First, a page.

• Organizing pods or co-ops where a group of parents rotate handling virtual learning with a set of families who agree to rules around learning and the pandemic. In some cases, they are hiring outside help, but in others, the families are agreeing to manage a learning schedule for each other.
• Hiring someone to come to your house to help with teaching and childcare, anywhere from a few hours a week to more full-time. This could be a college student taking a gap year, a professional caregiver, a tutor, a neighbor, or an empty-nester friend. Agreements and expectations on pandemic safety measures are key to making this option work.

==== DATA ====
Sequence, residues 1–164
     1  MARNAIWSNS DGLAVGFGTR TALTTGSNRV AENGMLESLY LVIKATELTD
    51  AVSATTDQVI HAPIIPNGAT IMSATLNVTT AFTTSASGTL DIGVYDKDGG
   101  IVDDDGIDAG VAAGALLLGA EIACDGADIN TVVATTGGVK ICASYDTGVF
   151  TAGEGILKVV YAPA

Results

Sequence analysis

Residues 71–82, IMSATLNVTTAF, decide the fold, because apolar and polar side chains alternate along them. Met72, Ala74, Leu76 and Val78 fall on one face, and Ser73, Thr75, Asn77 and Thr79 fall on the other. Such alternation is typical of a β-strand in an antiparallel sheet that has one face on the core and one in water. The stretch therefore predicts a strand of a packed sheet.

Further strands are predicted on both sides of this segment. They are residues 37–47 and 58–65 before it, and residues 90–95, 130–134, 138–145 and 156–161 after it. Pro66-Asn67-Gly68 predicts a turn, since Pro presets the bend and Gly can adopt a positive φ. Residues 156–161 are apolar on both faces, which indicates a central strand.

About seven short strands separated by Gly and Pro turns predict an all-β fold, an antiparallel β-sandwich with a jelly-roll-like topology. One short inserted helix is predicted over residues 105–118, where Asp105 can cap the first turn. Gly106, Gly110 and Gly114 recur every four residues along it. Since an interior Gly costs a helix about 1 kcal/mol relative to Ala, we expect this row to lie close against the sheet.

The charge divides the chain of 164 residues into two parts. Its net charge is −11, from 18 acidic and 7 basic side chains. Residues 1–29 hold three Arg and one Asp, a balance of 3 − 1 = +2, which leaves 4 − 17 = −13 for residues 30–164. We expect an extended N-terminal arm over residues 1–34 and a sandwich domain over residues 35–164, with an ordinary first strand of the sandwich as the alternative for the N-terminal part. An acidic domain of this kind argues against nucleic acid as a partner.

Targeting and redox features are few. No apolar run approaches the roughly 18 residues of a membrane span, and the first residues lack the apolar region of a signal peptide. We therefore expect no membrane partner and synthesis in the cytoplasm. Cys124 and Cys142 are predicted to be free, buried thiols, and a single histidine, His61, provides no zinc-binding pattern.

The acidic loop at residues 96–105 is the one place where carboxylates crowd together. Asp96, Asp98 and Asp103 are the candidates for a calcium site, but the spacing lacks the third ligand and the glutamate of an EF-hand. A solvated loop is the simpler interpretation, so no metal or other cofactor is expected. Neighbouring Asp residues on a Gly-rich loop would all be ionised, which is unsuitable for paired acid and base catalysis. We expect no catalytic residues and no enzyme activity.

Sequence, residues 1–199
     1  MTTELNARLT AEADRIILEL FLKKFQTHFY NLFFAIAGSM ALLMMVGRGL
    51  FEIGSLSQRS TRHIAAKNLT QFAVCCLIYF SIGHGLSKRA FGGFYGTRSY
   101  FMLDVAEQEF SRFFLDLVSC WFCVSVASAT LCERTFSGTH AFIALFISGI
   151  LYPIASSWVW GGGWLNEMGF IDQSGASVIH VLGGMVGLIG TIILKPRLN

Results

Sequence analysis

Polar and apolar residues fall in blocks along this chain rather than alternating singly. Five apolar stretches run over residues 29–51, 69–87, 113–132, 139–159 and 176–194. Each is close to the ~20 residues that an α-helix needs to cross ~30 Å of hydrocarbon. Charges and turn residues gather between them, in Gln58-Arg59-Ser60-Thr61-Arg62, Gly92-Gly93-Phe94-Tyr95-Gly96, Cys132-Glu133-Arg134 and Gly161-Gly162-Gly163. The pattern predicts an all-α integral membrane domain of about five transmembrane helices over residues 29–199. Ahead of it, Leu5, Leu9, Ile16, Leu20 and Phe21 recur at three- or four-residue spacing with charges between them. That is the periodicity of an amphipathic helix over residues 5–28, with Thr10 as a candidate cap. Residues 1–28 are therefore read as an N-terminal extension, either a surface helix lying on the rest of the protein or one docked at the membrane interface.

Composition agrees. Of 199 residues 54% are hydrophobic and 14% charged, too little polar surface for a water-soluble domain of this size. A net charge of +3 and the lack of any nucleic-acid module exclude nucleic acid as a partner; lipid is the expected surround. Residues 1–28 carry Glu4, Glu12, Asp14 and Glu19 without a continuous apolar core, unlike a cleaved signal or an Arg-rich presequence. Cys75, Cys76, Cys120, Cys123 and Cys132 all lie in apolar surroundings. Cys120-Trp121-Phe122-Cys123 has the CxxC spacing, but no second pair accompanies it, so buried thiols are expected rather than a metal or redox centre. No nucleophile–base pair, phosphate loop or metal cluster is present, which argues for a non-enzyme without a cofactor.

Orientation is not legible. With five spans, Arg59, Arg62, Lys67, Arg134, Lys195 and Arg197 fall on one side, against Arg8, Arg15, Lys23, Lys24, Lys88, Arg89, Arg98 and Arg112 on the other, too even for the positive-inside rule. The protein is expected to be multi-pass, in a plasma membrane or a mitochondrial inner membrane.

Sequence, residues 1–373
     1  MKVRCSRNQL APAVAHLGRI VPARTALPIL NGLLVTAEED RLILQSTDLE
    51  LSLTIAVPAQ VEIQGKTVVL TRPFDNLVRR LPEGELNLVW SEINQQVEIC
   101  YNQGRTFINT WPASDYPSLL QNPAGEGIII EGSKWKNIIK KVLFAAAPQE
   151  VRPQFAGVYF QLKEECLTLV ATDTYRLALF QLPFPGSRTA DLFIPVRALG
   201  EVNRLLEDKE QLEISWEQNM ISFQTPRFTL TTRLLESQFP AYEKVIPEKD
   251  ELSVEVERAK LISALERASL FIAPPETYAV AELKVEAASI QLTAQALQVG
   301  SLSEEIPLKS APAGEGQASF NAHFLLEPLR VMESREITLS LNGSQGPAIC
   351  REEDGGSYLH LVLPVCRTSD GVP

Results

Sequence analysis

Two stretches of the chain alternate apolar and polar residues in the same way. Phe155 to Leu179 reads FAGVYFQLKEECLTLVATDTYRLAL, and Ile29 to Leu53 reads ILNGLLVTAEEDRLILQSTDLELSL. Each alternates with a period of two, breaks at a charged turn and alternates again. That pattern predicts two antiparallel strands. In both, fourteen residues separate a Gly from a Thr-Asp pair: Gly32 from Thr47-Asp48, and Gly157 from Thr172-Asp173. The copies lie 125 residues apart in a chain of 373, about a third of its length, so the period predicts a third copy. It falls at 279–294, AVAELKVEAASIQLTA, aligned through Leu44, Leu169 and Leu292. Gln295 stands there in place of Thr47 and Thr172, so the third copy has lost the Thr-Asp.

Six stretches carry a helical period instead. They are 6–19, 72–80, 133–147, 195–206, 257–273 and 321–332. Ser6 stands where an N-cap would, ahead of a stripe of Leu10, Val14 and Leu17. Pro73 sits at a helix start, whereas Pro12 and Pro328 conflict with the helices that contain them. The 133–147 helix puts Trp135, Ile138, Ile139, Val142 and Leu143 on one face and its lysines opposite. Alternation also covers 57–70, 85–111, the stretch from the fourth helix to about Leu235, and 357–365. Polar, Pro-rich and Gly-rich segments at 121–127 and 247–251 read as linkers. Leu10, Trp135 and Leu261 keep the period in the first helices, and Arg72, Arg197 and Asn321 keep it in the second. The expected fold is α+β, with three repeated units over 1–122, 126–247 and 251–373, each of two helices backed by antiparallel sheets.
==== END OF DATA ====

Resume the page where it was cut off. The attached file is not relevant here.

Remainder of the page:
• Homeschooling when the virtual learning options outlined in public and private schools do not meet a family’s needs. This option might help you regain control over flexibility.
• Exploring options with community partners, especially for families where both parents work full-time outside of the home, or there are financial or access barriers. Local school systems have announced they are securing many options with community partners to assist with facilitating virtual learning for families who need options.
Rotate toys or invest in a few new ones.